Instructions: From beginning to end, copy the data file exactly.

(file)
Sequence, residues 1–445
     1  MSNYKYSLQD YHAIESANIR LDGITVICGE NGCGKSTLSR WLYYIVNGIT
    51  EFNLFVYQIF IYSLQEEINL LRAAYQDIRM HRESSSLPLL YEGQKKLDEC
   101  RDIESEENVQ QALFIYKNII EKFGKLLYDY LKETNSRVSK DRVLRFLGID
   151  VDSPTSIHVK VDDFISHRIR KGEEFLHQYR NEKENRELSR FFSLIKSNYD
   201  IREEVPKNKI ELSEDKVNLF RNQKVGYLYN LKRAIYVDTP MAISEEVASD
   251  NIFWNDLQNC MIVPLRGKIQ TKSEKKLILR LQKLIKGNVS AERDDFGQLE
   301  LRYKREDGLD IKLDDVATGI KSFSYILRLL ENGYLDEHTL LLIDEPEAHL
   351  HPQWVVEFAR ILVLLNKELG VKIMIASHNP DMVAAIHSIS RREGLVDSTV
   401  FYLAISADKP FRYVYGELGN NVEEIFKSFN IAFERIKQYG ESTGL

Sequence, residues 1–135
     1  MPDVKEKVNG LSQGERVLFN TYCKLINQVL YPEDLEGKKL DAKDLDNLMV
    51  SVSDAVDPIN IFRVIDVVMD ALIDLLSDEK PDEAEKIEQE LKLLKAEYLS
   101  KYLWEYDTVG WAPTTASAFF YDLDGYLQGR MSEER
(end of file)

Sequence, residues 1–445
     1  MSNYKYSLQD YHAIESANIR LDGITVICGE NGCGKSTLSR WLYYIVNGIT
    51  EFNLFVYQIF IYSLQEEINL LRAAYQDIRM HRESSSLPLL YEGQKKLDEC
   101  RDIESEENVQ QALFIYKNII EKFGKLLYDY LKETNSRVSK DRVLRFLGID
   151  VDSPTSIHVK VDDFISHRIR KGEEFLHQYR NEKENRELSR FFSLIKSNYD
   201  IREEVPKNKI ELSEDKVNLF RNQKVGYLYN LKRAIYVDTP MAISEEVASD
   251  NIFWNDLQNC MIVPLRGKIQ TKSEKKLILR LQKLIKGNVS AERDDFGQLE
   301  LRYKREDGLD IKLDDVATGI KSFSYILRLL ENGYLDEHTL LLIDEPEAHL
   351  HPQWVVEFAR ILVLLNKELG VKIMIASHNP DMVAAIHSIS RREGLVDSTV
   401  FYLAISADKP FRYVYGELGN NVEEIFKSFN IAFERIKQYG ESTGL

Sequence, residues 1–135
     1  MPDVKEKVNG LSQGERVLFN TYCKLINQVL YPEDLEGKKL DAKDLDNLMV
    51  SVSDAVDPIN IFRVIDVVMD ALIDLLSDEK PDEAEKIEQE LKLLKAEYLS
   101  KYLWEYDTVG WAPTTASAFF YDLDGYLQGR MSEER